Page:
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  • How the Great Recession Changed Millennials' Lives Forever
    It's not easy to "make it" in this country on your own. Every generation has struggled to find their professional path, to gain intellectual, personal, and financial independence, and establish a life for themselves. But, there is no doubt that the latest generation to enter the workforce, the Millennials, has had an especially difficult time getting started.
  • Social Media Data Is Being Used to Calculate Student Loan Risk in the UK
    Calculating risk is a complex process, particularly in the competitive student loans market. Basing decisions on potential earnings rather than current assets and income, as banks traditionally do, makes more sense when it comes to loaning to young people. Now, some companies are turning to social media, and checking out clients' connections, in order to assess the risk of the potential borrower, and also to put pressure on those who default.
  • Who Is Late to Work and Why?
    In a recent self-reported survey, 19 percent of Americans admitted to being late for work at least once per week, if not more often -- that is almost one in five working people. Forty-eight percent, or just under half, claimed to never be late for work. The question is, who are the chronically late folks, and why do they have so much trouble getting into the office?
  • Job Training Funds Go to Workers Who Need It Least
    A recent Georgetown University report on employee training trends and spending claims that the least experienced American workers are often the ones who ironically receive the least postsecondary job training from employers and educational institutions. "Employer training trends to be for the most experienced and most educated employees," summarizes lead author Anthony Carnevale of the study's revelations.
  • 'Women Make Better Leaders,' Says Research (and Mr. Wonderful of Shark Tank)
    "Women make better CEOs." These fine words come from none other than Kevin O'Leary, better known as Mr. Wonderful on ABC's The Shark Tank. O'Leary holds an impressive business portfolio, and 55 percent of the CEOs in it are women. Why, then, are women so exceedingly underrepresented in high-level, leadership positions still to this day? One ongoing study examined just that.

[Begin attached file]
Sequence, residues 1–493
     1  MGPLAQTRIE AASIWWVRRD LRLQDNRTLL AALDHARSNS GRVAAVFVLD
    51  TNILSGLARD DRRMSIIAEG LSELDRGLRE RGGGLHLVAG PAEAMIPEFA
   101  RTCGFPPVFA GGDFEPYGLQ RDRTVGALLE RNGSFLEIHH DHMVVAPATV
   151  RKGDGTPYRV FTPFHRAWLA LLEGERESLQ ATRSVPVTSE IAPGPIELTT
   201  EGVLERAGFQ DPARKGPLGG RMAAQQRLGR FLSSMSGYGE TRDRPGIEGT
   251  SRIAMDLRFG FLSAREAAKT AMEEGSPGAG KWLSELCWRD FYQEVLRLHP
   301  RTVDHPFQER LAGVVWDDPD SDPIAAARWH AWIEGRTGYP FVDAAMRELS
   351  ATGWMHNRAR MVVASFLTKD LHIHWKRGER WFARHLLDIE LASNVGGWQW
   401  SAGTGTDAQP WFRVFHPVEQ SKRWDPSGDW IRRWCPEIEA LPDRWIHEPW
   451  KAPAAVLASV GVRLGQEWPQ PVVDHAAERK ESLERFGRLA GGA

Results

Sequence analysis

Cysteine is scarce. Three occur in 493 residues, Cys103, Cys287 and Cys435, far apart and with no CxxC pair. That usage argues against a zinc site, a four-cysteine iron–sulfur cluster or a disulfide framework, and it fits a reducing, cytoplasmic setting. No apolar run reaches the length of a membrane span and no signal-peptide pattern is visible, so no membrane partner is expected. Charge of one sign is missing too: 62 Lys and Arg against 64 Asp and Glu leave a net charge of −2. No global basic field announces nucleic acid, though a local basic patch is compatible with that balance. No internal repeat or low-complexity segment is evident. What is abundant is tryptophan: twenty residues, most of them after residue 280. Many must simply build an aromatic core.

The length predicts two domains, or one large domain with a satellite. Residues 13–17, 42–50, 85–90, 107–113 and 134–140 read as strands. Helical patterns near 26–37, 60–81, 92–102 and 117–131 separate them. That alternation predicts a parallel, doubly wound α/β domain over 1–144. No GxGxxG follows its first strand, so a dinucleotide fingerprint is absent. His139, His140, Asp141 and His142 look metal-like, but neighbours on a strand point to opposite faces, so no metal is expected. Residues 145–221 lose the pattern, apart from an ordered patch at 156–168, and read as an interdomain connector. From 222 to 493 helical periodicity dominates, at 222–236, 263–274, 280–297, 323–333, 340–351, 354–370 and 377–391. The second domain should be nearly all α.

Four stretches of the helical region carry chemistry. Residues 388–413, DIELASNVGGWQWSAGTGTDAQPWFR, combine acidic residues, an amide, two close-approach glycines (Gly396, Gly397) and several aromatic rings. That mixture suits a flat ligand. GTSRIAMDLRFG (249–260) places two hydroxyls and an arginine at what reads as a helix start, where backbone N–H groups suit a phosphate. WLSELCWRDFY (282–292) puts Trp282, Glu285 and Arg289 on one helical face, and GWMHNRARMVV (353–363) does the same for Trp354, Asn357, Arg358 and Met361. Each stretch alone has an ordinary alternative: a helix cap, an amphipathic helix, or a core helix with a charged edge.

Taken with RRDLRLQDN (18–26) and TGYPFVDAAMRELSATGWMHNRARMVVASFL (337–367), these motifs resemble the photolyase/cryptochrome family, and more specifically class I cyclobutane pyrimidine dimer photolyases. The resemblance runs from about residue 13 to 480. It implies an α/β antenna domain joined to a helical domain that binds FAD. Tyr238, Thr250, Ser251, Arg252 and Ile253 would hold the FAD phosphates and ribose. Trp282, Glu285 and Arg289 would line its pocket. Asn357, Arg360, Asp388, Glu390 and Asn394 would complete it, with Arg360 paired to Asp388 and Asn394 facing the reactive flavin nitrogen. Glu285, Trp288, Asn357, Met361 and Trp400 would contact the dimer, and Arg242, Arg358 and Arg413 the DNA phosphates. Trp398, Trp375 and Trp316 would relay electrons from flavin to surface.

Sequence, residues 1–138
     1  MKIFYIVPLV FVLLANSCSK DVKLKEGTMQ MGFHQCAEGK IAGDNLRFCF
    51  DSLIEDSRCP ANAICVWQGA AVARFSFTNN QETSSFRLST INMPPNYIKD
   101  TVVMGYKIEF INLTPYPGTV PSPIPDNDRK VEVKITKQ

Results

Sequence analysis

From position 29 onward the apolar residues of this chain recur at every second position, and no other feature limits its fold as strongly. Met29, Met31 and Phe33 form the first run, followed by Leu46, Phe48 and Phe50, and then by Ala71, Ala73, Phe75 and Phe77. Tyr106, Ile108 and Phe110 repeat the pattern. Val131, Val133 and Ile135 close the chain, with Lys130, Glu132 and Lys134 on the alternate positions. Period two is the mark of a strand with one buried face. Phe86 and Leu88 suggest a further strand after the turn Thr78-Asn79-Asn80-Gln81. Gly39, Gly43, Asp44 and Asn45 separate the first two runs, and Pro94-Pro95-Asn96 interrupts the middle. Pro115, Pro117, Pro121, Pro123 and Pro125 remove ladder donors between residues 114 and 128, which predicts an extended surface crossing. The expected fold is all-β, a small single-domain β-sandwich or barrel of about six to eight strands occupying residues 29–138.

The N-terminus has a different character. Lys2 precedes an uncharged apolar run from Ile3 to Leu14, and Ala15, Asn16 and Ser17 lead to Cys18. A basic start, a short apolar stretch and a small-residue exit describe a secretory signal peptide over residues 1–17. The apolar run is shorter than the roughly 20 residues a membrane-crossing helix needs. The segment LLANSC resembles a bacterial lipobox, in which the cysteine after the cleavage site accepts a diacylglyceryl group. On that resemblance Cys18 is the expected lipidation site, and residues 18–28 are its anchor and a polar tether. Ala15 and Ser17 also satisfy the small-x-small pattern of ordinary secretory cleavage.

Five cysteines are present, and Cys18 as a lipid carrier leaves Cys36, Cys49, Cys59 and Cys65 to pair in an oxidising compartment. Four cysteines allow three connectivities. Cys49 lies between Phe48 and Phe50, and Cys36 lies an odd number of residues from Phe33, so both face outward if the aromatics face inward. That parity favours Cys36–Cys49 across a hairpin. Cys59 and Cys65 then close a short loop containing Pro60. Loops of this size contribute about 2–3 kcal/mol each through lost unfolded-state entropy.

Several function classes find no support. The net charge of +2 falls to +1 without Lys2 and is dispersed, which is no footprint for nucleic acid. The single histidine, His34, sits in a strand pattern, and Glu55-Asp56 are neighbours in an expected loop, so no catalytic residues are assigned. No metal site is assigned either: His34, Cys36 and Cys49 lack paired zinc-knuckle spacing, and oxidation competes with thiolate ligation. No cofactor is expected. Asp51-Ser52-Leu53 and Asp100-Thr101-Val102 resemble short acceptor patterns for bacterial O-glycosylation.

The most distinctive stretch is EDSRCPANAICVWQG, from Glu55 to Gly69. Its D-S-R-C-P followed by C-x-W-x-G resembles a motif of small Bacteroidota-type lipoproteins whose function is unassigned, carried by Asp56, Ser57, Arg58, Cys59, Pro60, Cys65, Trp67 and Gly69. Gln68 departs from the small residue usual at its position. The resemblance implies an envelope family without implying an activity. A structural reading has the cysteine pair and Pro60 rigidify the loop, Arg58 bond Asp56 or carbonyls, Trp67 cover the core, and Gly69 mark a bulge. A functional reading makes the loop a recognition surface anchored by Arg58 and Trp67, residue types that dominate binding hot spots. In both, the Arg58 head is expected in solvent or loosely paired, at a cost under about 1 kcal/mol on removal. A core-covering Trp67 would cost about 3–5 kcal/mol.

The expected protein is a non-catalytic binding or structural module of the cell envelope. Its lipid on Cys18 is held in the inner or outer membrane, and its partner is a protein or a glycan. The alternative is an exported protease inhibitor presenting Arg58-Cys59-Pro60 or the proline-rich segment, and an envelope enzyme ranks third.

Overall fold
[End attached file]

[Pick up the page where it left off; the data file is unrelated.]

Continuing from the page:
• 5 Inappropriate Workplace Touching Lessons From Joe Biden
    Maybe you're a hugger, or a back-slapper, or -- in your personal life -- a terrible flirt. Chances are, you know that none of this behavior will fly in the office, no matter how innocent your intentions. No one wants to be referred to HR for remedial training or, worse, lose their jobs because they didn't get the memo that it's 2015, and co-workers don't touch each other. In this, we are probably more with the program than many of our leaders in Washington. Take, for example, America's touchy-feeler-in-chief, Joe Biden.
  • Meet the YouTube Millionaires
    Turns out, you didn't need that Harvard education after all! According to Social Blade*, a site that tracks YouTube statistics, a laptop and regular trips to FAO Schwarz may be a wiser career investment than an Ivy League education -- and the potential mountains of student loan debt that come with it. Why? Because, according to recent data from that site, it is now possible to earn a multi-million-dollar annual salary by unwrapping toys on the internet. (Whether it's likely that you'll hit the big time, of course, is another story.)
  • 5 Career Lessons Learned From Jon Stewart's Departure
    Jon Stewart's announcement came as quite a surprise to many. Many of his fans felt sincere, deep, and personal sadness; many also felt confused and shocked. Why would someone leave their career when it's seemingly at its peak?
  • 13 Incredible Company Perks
    From fledgling tech start-ups to household-name corporations, employers both big and small are continuously upping the ante when it comes to finding ways to keep their workers happy. While unusually cool perks like Etsy's playground-esque open lofts, or simply invaluable incentives such as the unlimited vacation days offered at Gravity Payments (that's right -- unlimited) might not be the deciding factor in someone's decision to accept a job, they can certainly be a factor. Smart employers know this, and make a point to incorporate additional takeaways into a job offer (besides the opportunity of employment itself). From onsite "Kegerators" to employer-subsidized egg freezing for female employees (seriously), here's a rundown of some of the most interesting perks* currently satisfying employees and enticing potential hires.
  • Working Moms Are Still Getting the Short End of the Stick